By Sheena Lee
Nokia (NOK) announced that it will start to lay off thousands of employees, the firm’s harshest job cut in 20 years, and more challenges lie ahead as the Finnish mobile giant plans to integrate its new partnership with Microsoft (MSFT). Meanwhile, Morgan Stanley analyst Patrick Standaert cut shares of Nokia to Underweight from Equalweight, causing the company’s stock to slide in Europe.
On April 1, saying that Wall Street’s earnings estimates for Nokia are far too high, Nomura analyst Stuart Jeffrey cut his rating on the stock to Reduce from Neutral, and sliced his price target on the shares to 5.60 euros from 8 euros, Forbes reported.
Last week Moody’s downgraded the long- and short-term debt ratings for Nokia because of its weakened market position in mobile devices.
“The rating downgrade primarily reflects Nokia’s weakened market position in its core business, mobile devices, which has reduced the company’s margins and funds from operations,” Moody’s Nokia analyst Wolfgang Draack said in a statement.
Standard & Poor’s also downgraded Nokia’s long-term rating to "A-" on likely weaker operating margins.
Finnish trade union Pro estimates that over a span of two years, Nokia may cut between 1,000 and 2,000 jobs in its home country, most of them in research and development, Finnish newspaper Kauppalehti reports. The total number of jobs threatened could eventually reach 6,000, and that would be equivalent to 38% of the company’s global devices R&D workforce, said Bloomberg News.
“Nokia has announced that it will still produce about 150 million Symbian phones. Based on that, we have calculated the possible number of job cuts,” Chairman Antti Rinne of Pro said. Nokia Chairman Jorma Ollila has said redundancy talks with employees will begin in the last week of April.
Nokia’s R&D is spending nearly three times that of its rivals and five times that of Apple (AAPL), pointed out All Things Digital’s John Paczkowski. ”There’s little reason to continue to spend that kind of cash on research and development now that the company’s dumped its own software platform in favor of Microsoft’s,” said Paczkowski.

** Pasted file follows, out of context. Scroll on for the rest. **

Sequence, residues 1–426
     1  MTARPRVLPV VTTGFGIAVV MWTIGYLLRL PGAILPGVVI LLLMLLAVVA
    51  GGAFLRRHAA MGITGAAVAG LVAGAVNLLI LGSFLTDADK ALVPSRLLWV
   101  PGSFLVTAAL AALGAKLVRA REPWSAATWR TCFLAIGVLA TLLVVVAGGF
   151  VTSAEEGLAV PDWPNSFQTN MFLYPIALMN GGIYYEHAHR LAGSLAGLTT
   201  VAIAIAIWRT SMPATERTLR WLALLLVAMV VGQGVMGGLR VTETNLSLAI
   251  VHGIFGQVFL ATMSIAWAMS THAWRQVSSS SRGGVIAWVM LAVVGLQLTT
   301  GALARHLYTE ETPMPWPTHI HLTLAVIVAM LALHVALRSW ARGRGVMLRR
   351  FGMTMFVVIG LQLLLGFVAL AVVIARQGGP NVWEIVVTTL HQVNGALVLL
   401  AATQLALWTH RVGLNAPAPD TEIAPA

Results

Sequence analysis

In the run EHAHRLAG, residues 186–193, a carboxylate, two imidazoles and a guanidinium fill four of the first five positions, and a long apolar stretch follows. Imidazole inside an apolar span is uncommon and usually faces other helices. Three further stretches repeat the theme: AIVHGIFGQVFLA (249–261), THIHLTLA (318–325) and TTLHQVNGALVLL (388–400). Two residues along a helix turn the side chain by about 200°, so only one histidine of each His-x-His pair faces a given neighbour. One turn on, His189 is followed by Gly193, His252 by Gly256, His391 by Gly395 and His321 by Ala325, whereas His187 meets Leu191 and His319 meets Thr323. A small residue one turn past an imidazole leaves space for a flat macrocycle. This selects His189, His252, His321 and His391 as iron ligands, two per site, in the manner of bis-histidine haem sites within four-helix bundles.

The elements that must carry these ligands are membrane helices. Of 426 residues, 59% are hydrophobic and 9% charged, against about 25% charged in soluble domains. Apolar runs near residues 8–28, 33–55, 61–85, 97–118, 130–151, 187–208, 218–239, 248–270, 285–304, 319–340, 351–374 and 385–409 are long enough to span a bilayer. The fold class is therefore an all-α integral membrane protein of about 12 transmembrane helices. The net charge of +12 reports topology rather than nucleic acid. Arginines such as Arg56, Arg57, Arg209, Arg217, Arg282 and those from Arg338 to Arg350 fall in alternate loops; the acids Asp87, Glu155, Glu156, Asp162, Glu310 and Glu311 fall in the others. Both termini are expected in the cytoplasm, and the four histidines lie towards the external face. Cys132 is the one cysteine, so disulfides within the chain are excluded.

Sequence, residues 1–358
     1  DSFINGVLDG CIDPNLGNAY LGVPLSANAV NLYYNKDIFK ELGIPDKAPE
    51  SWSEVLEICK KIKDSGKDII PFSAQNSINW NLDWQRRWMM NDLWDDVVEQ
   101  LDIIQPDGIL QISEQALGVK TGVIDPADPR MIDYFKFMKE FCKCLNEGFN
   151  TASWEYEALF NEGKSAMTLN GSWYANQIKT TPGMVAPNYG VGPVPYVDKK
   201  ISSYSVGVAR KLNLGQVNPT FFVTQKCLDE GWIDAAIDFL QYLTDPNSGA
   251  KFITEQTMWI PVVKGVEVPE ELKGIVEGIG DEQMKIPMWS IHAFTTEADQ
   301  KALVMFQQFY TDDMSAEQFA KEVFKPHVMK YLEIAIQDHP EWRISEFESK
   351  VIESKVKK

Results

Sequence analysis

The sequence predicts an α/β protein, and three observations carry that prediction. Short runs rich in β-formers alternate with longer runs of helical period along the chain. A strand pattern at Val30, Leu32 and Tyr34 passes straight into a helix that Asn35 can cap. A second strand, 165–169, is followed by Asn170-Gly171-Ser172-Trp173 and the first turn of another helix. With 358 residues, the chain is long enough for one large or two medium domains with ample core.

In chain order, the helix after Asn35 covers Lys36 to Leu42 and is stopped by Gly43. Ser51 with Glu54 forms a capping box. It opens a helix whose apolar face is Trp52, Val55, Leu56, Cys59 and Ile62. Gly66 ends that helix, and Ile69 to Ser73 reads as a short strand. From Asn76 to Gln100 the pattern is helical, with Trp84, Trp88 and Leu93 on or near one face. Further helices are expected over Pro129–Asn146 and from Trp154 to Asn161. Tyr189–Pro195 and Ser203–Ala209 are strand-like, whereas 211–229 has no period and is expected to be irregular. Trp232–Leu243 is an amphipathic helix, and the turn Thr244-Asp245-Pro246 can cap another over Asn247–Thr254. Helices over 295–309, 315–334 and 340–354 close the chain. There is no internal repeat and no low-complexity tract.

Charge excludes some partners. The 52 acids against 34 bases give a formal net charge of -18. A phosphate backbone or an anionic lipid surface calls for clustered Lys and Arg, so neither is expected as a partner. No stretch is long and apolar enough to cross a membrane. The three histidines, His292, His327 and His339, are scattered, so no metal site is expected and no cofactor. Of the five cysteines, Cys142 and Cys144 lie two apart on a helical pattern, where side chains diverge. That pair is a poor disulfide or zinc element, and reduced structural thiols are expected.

“It’s just a bit too late to put Humpty Dumpty back together,” said Tero Kuittinen, analyst at MKM Partners. “Developers are bailing out in droves."
Nokia is also getting beat out by players like Taiwan’s HTC (OTC:HTCXF), which launched two more sophisticated smart phone models this week.
“The new HTC Sensation phone reflects the mountain Nokia needs to climb to close the hardware and software gap with its rivals,” Ben Wood, research director at CCS Insight, told Reuters. “On the day Nokia unveils the 600Mhz X7 ‘entertainment phone’ it has been trumped by HTC’s Sensation which has a dual-core 1.2Ghz processor."
But it is not all bad news for Nokia. Goldman Sachs analyst Tim Boddy upgraded the company on March 28 to a Buy from Neutral with a $12.40 price target. Goldman now believes the decision to focus on smart phone hardware design, assembly and distribution is appropriate and returns Nokia to its core competencies. Despite likely near-term volatility as it goes through a difficult 12-18-month transition period, they believe that cost reduction can be larger than investors anticipate, while the collapse in handset market share and margins implied by the valuation is excessive.
RBC Capital analyst Mark Sue on April 1 repeated his Outperform rating on Nokia shares, but cut his target on the stock to $12, from $14. Sue contends fears that consumers will abandon Symbian phones in droves so far have not been realized.
Nokia is currently trading below the mean 12-month analyst price target of $9.50 in our previous Prognosis Update.
Sources: Alacra Pulse, IBTimes, Total Telecom, Dow Jones Newswires, Reuters, Bloomberg, All Things Digital, Global Times, Notable Calls.